I’ve had the digital promo of Nootropics, the sophomore album from Baltimore dream-rock band Lower Dens, for a couple of months now. And according to my iTunes, I’ve listened to its 10 songs an average of 106 times. I’ve mentioned this a few times on Stereogum already, but it almost immediately became my daughter’s favorite album of all time. My kid just turned three, but putting her to bed is this massive ordeal; I need to hold her and bounce her and pace back and forth across her bedroom for something like an hour, until she drifts off. By the end of it, my back is screaming at me. And her attachment to this album has become intense and kind of weird; she cries hard if I try to put on anything else. But here’s a measure of how good this album is: I haven’t gotten entirely sick of it yet.
That’s mostly because I can see where my kid is coming from. Nootropics is a world-class sleeping aid, and I don’t mean that as a slight. When the band released their debut Twin-Hand Movement a couple of years ago, hazy drift was a big part of it. They were mostly a guitar band then, and their sound worked by lazily and comfortably wrapping all their different guitar lines around each other, forming these intuitive tapestries of sound. They reminded me a bit of Luna then; they had that same easy, instinctual interplay, like they’d been born playing guitar with one another. They hadn’t, of course. Bandleader Jana Hunter is a former freak-folk artist, and the band had tons of interpersonal problems and lineup shifts after the album came out. But that calm, familiar sense of drift is still all over Nootropics; it’s just been pushed in some different directions.
Among other things, Nootropics is the band’s krautrock move, the one where they discover the repetitive possibilities of weirdly-timed motorik drum-tics and stretched-out-beyond-the-sunset guitar tones. And Hunter’s voice — a controlled, crystalline alto — fits those sounds perfectly. But unlike a lot of other bands who play around with krautrock, Lower Dens haven’t let their experiments affect their songwriting. I don’t know what Hunter is singing about most of the time, but she has a great ear for chiming Sigur Rós-style melodic flights, and so her choruses have an emotional pull to them. And when the band is working at peak capacity, there’s also a rare immediacy to them. “Lion In Winter Pt. 2,” my favorite song on the album, drifts out of the formless ambient guitar-fog of “Pt. 1″ and into a pulsing low-toned synthesizer. That keyboard sounds a few times, then falls into a pattern that sounds something like mid-’80s New Order being heard from the apartment next door. The rest of the band falls in behind that riff right away. It’s a beautiful moment, and it’s a catchy one too.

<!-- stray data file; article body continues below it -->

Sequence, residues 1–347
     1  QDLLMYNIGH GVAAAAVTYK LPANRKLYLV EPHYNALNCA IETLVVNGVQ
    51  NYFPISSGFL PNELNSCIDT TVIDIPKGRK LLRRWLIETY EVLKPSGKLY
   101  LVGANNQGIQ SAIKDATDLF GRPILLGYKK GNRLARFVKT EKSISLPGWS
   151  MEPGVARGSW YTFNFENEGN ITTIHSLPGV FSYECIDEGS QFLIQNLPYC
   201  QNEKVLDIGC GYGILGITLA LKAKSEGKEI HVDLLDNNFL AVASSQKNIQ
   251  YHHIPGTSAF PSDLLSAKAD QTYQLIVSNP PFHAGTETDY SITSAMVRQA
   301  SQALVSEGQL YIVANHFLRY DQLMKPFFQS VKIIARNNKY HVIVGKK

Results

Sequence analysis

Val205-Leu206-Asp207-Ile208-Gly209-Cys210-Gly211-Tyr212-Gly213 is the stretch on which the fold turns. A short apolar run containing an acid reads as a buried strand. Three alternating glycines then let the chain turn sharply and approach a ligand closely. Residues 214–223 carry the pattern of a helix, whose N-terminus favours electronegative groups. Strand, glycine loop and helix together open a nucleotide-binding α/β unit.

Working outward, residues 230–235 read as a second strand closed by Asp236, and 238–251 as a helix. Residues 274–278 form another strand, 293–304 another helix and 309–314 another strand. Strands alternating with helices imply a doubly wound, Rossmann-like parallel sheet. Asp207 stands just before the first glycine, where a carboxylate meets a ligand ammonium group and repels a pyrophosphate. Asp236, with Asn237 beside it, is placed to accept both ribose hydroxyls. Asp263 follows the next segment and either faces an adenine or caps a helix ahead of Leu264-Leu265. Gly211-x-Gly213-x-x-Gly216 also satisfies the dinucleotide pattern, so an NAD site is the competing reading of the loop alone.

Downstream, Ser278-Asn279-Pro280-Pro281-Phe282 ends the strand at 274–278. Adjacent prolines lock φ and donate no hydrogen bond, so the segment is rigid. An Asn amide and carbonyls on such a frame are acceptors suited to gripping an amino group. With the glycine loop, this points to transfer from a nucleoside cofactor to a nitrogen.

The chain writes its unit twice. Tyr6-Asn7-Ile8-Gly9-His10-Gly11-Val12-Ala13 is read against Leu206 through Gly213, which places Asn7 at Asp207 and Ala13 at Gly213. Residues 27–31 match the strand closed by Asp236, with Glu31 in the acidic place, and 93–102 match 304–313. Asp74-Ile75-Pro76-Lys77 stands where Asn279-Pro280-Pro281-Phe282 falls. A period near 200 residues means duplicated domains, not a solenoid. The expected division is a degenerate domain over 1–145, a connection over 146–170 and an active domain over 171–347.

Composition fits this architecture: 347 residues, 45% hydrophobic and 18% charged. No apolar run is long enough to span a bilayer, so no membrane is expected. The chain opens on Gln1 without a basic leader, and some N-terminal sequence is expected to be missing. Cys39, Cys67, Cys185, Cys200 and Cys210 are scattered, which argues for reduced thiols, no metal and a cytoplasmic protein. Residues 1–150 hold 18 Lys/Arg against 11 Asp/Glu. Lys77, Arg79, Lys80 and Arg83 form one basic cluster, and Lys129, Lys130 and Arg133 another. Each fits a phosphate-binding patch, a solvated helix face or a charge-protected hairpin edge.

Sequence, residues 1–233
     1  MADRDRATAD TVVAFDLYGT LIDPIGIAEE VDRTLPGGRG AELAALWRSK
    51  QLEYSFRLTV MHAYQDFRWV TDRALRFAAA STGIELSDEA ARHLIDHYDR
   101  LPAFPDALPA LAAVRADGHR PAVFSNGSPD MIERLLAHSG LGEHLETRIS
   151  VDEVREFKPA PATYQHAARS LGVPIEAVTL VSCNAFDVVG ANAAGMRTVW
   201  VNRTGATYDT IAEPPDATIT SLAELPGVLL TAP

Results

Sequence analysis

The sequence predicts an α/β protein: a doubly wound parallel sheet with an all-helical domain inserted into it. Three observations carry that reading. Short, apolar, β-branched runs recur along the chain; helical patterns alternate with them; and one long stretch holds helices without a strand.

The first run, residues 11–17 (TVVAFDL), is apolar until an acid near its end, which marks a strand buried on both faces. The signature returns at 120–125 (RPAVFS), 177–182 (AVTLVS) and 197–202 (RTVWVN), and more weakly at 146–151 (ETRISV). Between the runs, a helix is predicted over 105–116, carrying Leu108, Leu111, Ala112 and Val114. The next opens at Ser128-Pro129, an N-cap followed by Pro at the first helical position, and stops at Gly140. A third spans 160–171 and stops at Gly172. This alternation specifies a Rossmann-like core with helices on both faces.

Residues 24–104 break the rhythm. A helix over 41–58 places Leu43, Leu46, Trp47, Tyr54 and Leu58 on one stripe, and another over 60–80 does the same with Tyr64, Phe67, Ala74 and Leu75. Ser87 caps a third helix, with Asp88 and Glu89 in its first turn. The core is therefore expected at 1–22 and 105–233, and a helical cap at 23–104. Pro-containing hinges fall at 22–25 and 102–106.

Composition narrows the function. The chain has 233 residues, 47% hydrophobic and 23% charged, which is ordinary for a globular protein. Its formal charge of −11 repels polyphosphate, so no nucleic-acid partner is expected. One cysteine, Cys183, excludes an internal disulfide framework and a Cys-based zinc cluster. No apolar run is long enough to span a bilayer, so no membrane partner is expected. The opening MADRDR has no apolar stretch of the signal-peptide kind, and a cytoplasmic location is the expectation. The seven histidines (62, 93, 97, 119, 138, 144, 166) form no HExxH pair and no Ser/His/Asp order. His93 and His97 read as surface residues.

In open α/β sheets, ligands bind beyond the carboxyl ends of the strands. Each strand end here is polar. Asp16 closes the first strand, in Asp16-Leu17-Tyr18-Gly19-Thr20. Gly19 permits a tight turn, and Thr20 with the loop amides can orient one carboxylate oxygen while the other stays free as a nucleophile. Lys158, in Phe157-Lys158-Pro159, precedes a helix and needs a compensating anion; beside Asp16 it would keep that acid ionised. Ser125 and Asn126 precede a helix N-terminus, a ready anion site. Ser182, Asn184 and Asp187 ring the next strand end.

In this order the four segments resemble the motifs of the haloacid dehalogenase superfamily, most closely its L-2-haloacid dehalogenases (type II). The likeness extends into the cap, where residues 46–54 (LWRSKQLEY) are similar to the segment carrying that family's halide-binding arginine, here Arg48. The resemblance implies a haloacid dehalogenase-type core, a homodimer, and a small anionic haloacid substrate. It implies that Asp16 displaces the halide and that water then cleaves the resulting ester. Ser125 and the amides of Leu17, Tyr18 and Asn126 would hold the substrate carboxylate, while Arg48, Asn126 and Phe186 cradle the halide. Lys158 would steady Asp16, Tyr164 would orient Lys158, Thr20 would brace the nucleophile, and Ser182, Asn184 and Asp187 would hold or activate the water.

Lower Dens don’t strike me as the sort of band who will be happy to learn about their album’s putting-kids-to-bed uses. In interviews, Hunter has been talking a lot about singing from the point of view of a robot and stuff like that. But in experimenting and pushing themselves, Lower Dens have come up with a sound that works as a potent calming agent — the sort of thing that bleeds beautifully into the background, whatever you may be doing. Like fellow Baltimore dreamers Beach House — whose Victoria Legrand has some serious vocal similarities with Hunter — they make music that hits some primal relaxation button in your brain. And that’s a button you probably need someone to hit every once in a while.
Other albums of note out this week:
• Santigold’s long-awaited sophomore album Master Of My Make-Believe.
• Father John Misty’s post-Fleet Foxes solo turn Fear Fun.
• Ramona Falls’ intricate indie-pop effort Prophet.
• Norah Jones’s Danger Mouse collaboration Little Broken Hearts.
• Rufus Wainwright’s arch pop return Out Of The Game.
• Light Asylum’s self-titled death-disco debut.
• Kwes.’s spare electro-pop EP Meantime.
• The all-star Every Mother Counts benefit compilation.
• The Brian Jonestown Massacre’s new album Aufheben.
• Bobby Conn’s latest Macaroni.